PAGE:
Some Tudor Shaft residents mix the soil with lotion and apply it to their faces as a skin cream. Some are baptized in polluted streams, and others — often pregnant women — follow a traditional practice in which they eat cakes made from the toxic dirt.
“You can either inhale [pollutants], ingest it, or absorb it through the skin, so they’re actually exposing themselves to all three of those root-ways of the pollution,” says Swart. “As this accumulates, the exposure level gets higher and higher and there can be real health issues.”
Reports show only about 10 mines rehabilitated annually over the past five years.
Proper mitigation has the potential to reduce health risks, but current mining closure legislation only came into effect between the 1970s and 1990s so governments are playing catch-up, according to Digby.
“Prior to that, mine owners thought about mining and then closing the gate, locking the key, and throwing the key away,” says Digby. “So we have this huge legacy in all mining regions.”
The DMR aims to rehabilitate 50 mines per year in the future and claims to have reached that number this year, but reports show only about 10 mines rehabilitated annually over the past five years. Proper rehabilitation includes sealing shafts to prevent entry, vegetating waste dumps or covering them in nets to prevent dust polluting the air, and using linings or trenches to keep contaminated water from seeping into aquifers, creeks, and rivers.
Statistics from the Chamber of Mines highlight a failing industry, which has been squeezed in recent years by declining gold prices, labor disputes, government interference, and increasing costs associated with having to drill more deeply to find rich lodes. The amount of gold produced in the country decreased from 395 metric tons in 2002 to 168 metric tons last year. The grade of ore mined has fallen every year since 2005.
With tight profit margins, companies find it difficult to fund remediation.
“The last man standing is not able to take the responsibilities of all these guys who are gone,” Lesufi says. “They may well have good plans, good procedures, but by the time the mine closes, the revenue stream is a trickle.”
The gold sector has a few properly managed sites, with vegetation planted on the tailings piles to suppress dust, fences and signs erected to warn the public away, and linings built under waste dumps to prevent seepage.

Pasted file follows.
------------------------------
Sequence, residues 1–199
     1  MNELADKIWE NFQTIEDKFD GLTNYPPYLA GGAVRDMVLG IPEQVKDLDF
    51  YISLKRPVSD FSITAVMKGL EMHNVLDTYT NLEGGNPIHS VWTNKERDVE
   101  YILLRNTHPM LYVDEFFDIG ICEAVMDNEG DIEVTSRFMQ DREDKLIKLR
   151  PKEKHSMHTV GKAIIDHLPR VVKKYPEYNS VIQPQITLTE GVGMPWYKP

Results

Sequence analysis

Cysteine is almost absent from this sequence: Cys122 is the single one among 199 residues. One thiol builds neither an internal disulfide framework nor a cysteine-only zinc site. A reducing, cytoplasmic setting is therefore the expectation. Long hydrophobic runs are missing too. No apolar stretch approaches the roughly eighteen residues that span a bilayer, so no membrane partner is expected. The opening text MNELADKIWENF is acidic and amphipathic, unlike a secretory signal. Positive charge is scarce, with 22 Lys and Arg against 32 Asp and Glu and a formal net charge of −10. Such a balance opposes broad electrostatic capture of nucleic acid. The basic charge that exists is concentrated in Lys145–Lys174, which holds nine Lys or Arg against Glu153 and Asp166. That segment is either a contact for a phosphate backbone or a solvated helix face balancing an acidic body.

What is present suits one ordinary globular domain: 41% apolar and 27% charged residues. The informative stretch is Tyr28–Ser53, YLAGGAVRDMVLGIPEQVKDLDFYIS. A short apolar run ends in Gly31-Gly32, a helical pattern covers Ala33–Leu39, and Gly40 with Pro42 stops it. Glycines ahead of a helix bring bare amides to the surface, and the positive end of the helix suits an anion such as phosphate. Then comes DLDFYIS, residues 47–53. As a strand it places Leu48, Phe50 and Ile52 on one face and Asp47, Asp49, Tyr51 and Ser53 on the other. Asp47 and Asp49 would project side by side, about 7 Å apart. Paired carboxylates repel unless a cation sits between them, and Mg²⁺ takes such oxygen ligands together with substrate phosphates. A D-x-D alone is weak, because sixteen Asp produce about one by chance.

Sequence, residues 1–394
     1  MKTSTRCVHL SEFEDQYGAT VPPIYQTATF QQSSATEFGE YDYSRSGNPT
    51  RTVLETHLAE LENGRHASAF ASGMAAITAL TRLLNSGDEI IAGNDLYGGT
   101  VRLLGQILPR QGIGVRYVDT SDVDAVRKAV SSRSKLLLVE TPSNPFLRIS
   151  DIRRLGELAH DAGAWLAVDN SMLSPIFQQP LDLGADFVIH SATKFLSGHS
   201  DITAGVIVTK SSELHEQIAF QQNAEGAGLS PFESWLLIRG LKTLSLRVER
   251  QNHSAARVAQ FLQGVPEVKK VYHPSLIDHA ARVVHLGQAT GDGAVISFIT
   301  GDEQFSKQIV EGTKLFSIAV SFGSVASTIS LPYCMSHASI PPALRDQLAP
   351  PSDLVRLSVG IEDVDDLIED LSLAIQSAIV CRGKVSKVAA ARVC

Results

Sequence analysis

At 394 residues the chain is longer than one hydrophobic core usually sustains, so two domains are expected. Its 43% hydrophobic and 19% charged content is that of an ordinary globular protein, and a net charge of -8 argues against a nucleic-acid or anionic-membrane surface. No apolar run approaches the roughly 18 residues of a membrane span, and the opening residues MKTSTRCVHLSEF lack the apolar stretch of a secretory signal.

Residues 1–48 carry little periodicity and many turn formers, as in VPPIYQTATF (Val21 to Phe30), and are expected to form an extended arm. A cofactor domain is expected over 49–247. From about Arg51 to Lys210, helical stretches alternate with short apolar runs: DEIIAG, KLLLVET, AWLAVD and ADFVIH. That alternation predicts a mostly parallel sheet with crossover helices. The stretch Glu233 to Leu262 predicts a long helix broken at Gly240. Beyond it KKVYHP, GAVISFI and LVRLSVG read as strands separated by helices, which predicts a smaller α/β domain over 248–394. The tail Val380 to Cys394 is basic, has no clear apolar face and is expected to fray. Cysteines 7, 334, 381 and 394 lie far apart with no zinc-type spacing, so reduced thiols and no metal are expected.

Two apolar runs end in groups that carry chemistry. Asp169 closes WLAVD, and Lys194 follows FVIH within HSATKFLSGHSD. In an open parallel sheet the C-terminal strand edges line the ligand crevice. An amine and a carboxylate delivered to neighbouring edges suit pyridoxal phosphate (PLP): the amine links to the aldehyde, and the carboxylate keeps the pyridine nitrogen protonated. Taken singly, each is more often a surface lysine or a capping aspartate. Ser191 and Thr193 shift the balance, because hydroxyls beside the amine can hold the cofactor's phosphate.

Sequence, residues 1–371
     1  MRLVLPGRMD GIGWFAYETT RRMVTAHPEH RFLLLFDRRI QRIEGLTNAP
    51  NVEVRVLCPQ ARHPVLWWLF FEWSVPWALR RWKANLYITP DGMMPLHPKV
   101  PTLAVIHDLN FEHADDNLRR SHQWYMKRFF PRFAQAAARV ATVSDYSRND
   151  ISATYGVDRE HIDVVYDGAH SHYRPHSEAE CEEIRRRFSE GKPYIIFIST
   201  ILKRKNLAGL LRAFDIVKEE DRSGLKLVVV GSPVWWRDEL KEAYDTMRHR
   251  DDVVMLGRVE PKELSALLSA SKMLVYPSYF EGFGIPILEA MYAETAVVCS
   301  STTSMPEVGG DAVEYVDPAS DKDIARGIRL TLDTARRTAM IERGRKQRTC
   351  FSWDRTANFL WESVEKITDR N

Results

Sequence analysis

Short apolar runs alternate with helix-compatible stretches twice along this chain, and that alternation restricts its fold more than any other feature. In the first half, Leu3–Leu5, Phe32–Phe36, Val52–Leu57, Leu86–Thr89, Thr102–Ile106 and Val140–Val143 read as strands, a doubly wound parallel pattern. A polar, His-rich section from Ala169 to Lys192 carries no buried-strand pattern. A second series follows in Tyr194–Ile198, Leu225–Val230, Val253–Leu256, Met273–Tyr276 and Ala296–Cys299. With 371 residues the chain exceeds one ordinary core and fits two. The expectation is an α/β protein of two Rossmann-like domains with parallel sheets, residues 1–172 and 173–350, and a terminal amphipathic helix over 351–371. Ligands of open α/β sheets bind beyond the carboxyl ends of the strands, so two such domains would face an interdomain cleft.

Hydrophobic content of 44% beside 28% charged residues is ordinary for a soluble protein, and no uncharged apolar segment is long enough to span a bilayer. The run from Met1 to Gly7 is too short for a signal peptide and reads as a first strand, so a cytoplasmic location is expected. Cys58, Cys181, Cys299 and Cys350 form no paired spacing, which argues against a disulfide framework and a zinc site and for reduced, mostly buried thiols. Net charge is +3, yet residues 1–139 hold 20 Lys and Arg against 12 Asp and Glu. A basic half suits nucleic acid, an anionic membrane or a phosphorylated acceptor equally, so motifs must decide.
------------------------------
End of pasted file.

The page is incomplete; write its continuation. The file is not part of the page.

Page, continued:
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But the vast majority of mines and waste sites are not properly closed and rehabilitated, and when asked how specifically the $3 billion in financial provisions allocated for mine rehabilitation was being used, the DMR would not answer. The system of regulations governing mine closure is set to receive an overhaul that experts say could help reduce pollution problems. For example, late last year, the power to write most of the rules around closure shifted from the DMR to the Department of Environmental Affairs.
Urban planners, though, argue that it will take more than money and politics to properly remediate the hundreds of pale yellow dumps dotting the landscape. Tahira Toffa — an urban designer at Iyer Urban Design Studio working on Johannesburg’s Mining Belt Strategic Area Framework — agrees, explaining that an interdisciplinary network must work to address the future of abandoned mine sites.
“Most mining belts of this scale are peripheral, whereas this mining belt is located so strategically — it’s the center of the city,” she explains.
Numerous plans exist to productively integrate the city with its mining past, from converting tailings piles into solar farms to developing a new economic district on rehabilitated mine land. According to Toffa, who calls these tailings piles “our mountains and our beach,” Johannesburg’s population must first realize that mine dumps will not disappear and, if properly cleaned up, can instead be converted to other uses.
“[Mine waste is] such a critical part of our history and the identity of Johannesburg, and people are almost desensitized to both the negative and the potential positive impacts,” she says.